PG&E files Diablo Canyon license renewal application

November 8, 2023

Diablo Canyon Nuclear Power Plant


PG&E on Tuesday filed an application with the Nuclear Regulatory Commission (NRC) to renew its license to operate Diablo Canyon Power Plant.

The utility had planned on shutting down the nuclear power plant in 2025. However, PG&E has since received backing from both federal and state officials for extending the operating life of Diablo Canyon through 2030, with a goal of providing Californians reliable electricity. 

PG&E needs to obtain license renewals from the NRC, as well as regulatory approval from other federal and state agencies in order to keep operating the plant past 2025. A regulation requires that nuclear power plant operators file renewal applications at least five years before their existing license is set to expire. But, PG&E requested an exemption from the regulation, which the NRC approved in March. 

On Tuesday, PG&E submitted an application to renew its operating licenses for both reactors at Diablo Canyon for an additional 20 years. While 20 years is standard for an NRC license renewal request, current state law only calls for keeping the San Luis Obispo County nuclear plant operational through 2030.

When the NRC determines that PG&E’s application is sufficient for its review, a multi-year evaluation process will begin. Diablo Canyon will continue to operate at least until the NRC issues its final ruling on the application. 

“PG&E is committed to answering the state’s call to ensure the continued operation of the facility and safely deliver affordable, reliable and clean energy for California,” PG&E CEO Patti Poppe said in a statement. “Diablo Canyon is a treasure and tremendous resource for the state, as well as one of the safest operated nuclear power plants in the nation. We are pleased policy makers see the value of DCPP. It would be a great honor to continue serving California for as long as the state supports the operation of the facility.”

Inline Feedbacks
View all comments

Two Things to remember: Diablo Canyon is designed to withstand no more than a 6.8 earthquake. Also, the ocean water intake cooling system is extremely vulnerable to tsunamis that could create a catastrophic failure at the plant.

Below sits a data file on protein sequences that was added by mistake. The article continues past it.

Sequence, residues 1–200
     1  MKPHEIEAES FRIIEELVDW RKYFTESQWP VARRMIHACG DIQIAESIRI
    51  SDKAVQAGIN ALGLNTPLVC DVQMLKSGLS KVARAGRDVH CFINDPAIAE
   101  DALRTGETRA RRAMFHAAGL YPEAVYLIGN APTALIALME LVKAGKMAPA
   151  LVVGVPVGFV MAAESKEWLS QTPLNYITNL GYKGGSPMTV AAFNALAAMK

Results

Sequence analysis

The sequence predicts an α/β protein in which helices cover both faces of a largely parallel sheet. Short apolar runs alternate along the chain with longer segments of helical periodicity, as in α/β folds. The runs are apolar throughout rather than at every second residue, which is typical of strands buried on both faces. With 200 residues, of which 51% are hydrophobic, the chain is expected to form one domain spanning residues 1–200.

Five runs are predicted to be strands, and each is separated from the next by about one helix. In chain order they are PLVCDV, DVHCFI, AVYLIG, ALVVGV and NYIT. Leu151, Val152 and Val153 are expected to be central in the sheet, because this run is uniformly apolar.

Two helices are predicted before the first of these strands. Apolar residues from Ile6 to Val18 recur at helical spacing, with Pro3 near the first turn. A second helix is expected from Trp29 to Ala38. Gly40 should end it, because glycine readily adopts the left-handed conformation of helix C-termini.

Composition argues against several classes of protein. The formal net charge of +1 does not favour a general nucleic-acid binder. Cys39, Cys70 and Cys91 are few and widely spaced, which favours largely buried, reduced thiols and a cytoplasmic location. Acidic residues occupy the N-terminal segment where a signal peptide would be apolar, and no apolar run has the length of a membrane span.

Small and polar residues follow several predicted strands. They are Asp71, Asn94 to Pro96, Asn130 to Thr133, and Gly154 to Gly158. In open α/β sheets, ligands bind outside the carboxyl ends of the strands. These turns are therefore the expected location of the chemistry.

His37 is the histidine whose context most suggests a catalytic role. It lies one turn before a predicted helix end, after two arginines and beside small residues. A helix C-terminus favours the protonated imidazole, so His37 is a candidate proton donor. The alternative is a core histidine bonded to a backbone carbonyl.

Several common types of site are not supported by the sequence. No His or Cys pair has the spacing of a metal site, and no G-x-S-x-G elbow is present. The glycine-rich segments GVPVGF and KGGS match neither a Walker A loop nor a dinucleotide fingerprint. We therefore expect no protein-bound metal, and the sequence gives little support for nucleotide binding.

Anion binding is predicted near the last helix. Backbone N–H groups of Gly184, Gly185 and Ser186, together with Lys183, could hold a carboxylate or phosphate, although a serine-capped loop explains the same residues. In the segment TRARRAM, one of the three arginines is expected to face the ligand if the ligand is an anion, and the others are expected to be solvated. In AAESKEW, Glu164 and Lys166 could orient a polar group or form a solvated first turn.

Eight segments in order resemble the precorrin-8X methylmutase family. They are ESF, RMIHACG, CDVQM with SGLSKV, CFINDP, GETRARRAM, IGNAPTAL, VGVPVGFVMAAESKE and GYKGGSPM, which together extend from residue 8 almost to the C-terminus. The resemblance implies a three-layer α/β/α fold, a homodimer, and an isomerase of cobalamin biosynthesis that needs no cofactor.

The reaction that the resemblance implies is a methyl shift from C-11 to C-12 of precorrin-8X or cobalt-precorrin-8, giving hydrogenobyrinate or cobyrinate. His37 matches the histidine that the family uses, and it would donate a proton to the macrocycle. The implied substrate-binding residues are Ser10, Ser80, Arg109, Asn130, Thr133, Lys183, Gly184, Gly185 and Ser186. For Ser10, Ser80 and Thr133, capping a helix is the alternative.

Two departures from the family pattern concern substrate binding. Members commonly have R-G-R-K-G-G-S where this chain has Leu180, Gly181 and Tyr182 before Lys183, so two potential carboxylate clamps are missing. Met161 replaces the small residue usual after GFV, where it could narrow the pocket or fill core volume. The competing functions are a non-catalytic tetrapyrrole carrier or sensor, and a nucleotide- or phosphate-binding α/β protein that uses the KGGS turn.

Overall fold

We still have to listen to the siren tests no matter what…

The environmentalists (emphasis on mental), demanded the sirens. They wanted them, so live with them.

You do realize, that the sirens would be used and tested even with Diablo closed…right?

Sorry, meant as Reply to kayaknut

The money will be paid back as soon as all those cities,school districts, etc decide to pay it back. Just like the rescue plan it was given away to never be seen again.

Also we have to be Xtra careful, we are on a slippery slope of sanity in calif with our demented leaders actually being pragmatic about our need for nuclear generated power.

So when are the ratepayers going to get all the money back they paid for the closure and the money that was given to entities to offset the loss from the closure?

Seriously? Perhaps one is totally unaware of the many BILLIONS that will be necessary to bring this antique up to standards. I know the bulk of commentors on this site are likely employees of PG&E, making hefty salaries, and so quite willing to overlook the degeneration of the facility and the many faults upon which it rests, but some of us have issues with the fact (fact) that the NRC is waiving its’ own standards, bigtime, to reup this decaying monster. Money talks. And it will be our beautiful coast at risk, probably none of them live anywhere near it.

Sanity prevails. Too bad we had to shovel a few billion more bucks at PG&E to make it happen. No worse, I guess, than dumping copious amounts of tax money at unnecessary solar and wind power instead of very efficient, low carbon emitting, gas powered plants.

Keep it rolling.